I’m in a somewhat “overreaching” kind of mood as usual, so I’d appreciate any comments, suggestions, complaints, etc that can help me toward better webdesign. Pleeeeease don’t wait for me to revamp the whole thing and then show some major glitch I’ve created somewhere. My abilities are rather limited.

Blister season

Heh. Monsoons near Mumbai are fun, but let’s be honest – this is blister time. Whether we go on a fun picnic, or a long hike, or simply roam around in the city. The continual wet feet are quite blister prone.

This is why I was so impressed with this product – GlacierGel I came across as I was surfing. It is a clear blister dressing that protects the blister, and is soft and is transparent as well, so we can keep an eye on the painful spot. The perfect recipe for feeling free to risk our feet and know that we can deal with any blisters that pop up?

Working in the outdoors

One of my freelancers was just enjoying a cup of tea with me during some spare time on a programme. He wanted some advice, and I had all the time in the world, unless something went wrong, so we plunged into the subject.

He had been offered a job with another company and was wondering if he should be taking it. He does some freelance work with Hills and Trails, Wild country Learning, us, OET, and some other companies as well, and earns, (like most other free lance outbound resource people in India) in a very erratic manner. A good month is riches and luxury and some months are a step away from being very badly broke. Not that it isn’t the same with any self employed person, but I find this particularly of concern in the outdoor adventure industry in India.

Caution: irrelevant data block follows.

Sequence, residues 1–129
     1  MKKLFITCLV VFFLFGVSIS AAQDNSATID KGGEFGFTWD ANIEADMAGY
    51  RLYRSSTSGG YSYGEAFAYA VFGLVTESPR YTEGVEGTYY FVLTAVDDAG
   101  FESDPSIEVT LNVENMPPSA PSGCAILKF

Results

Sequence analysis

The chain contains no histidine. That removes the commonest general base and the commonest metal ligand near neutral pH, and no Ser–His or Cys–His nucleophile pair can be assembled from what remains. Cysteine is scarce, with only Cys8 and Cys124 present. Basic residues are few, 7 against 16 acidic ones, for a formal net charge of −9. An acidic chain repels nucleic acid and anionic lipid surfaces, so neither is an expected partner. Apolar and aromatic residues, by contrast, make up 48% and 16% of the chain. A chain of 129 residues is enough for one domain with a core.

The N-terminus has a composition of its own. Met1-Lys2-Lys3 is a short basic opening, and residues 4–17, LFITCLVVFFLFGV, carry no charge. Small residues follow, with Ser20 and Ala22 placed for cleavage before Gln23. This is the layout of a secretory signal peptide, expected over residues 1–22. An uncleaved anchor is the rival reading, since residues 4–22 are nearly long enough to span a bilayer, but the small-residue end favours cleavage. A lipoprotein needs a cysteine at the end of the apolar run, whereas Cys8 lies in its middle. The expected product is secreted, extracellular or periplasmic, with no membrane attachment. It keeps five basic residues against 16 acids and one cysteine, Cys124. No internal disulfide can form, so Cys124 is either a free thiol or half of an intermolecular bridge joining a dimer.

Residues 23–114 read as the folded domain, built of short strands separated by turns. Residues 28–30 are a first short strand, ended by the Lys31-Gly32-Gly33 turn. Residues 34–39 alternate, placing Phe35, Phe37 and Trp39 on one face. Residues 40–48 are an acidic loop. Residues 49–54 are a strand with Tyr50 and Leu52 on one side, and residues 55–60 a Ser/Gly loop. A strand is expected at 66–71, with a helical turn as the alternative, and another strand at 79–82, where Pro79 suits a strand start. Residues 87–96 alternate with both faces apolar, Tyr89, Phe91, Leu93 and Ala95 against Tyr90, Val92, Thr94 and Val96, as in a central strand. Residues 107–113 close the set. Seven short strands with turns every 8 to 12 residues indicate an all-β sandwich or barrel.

The salary offered in this case was pitiful, but it would be guaranteed every month. On the other hand, this boy would lose his freedom to choose jobs that he liked, paid well or even helped him learn and develop. It was a tough decision.

Most Indians are not too aware of adventure tourism, and even those aware of it are not always happy to pay big money. Most adventure businesses do reasonably well, but the pool of freelancers we mint our fortunes on, are not as lucky. Some of us are now taking care to offer better rates, more reliable working relationships, some security, etc.

But on the whole, an adventure instructor in India, is leading a life with its economy also in a desperate rescue scenario.